Splitting pairs may be advantageous to the player for two reasons. First, it offers the option of turning a weak hand into two potentially stronger ones. It is always advantageous for a player to split an 8,8, as a 16 total is the weakest possible hand. Two hands with starting totals of 8 each have a good possibility of becoming hands totaling 18 each.
Another reason a player will split pairs is to exploit a dealer’s weakness as revealed by his up-card. A pair of 9s will be split versus a dealer’s up-cards of 2 to 9, except for 7. The reason is that in each of these cases, the dealer most likely has a weaker hand than the hands the player is likely to be dealt by splitting his 9s. As in this situation, when the dealer shows a weaker up-card, the player will split his pair in order to double the amount of money bet.
Millions of computer-simulated hands have shown that the real reason to split pairs in accordance with the Nine-Count Blackjack Strategy’s Playing Strategy is that this move will produce superior profits.
Some pairs will never be split. Pairs consisting of 10,10, and 5,5, will never be split regardless of the dealer’s up-card. The reason should be self-evident. In each of these situations, the card total dealt is powerful enough that the player has more to lose by splitting than he is likely to gain. A 10,10 totals 20 which gives the player a high likelihood of winning. Likewise, a 5,5, for a total of 10, is an excellent starting hand, while two 5s split may give totals of 15, which are stiff hands.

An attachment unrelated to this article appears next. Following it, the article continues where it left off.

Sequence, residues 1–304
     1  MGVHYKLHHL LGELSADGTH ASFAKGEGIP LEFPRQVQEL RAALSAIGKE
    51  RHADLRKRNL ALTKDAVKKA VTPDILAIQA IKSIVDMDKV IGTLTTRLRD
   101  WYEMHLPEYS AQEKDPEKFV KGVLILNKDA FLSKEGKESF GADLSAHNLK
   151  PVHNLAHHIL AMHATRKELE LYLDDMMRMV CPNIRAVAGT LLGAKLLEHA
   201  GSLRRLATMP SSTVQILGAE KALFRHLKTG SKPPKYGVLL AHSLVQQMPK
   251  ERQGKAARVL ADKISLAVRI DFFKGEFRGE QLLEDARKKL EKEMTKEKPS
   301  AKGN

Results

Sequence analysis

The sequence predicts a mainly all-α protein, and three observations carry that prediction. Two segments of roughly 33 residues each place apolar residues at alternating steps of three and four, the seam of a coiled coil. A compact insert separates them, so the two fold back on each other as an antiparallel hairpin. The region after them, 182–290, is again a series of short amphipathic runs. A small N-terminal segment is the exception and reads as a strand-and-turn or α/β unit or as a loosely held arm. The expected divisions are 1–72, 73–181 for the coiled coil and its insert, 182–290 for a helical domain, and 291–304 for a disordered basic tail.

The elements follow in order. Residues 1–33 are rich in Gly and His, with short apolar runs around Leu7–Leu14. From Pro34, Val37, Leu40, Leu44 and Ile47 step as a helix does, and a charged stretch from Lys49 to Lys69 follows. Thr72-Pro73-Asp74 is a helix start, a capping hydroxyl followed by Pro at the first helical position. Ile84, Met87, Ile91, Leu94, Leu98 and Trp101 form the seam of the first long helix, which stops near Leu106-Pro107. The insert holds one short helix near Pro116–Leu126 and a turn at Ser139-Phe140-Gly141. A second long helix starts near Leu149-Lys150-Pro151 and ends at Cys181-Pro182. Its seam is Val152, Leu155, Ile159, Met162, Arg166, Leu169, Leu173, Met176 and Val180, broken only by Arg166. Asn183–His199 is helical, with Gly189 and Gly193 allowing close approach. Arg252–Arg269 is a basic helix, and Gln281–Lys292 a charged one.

These are the pair splitting rules used by the Nine-Count Blackjack Strategy:
The insurance bet is an additional bet only on whether the dealer has a natural. Since the Ace is already showing, the player is wagering on whether the dealer’s hole card is a ten.
Making the insurance bet does not increase or decrease the chance of winning the main bet.
It is strictly a side bet and the main bet will be played to its completion regardless of the outcome of the insurance wager. If the dealer has a blackjack, then insurance pays 2 to 1.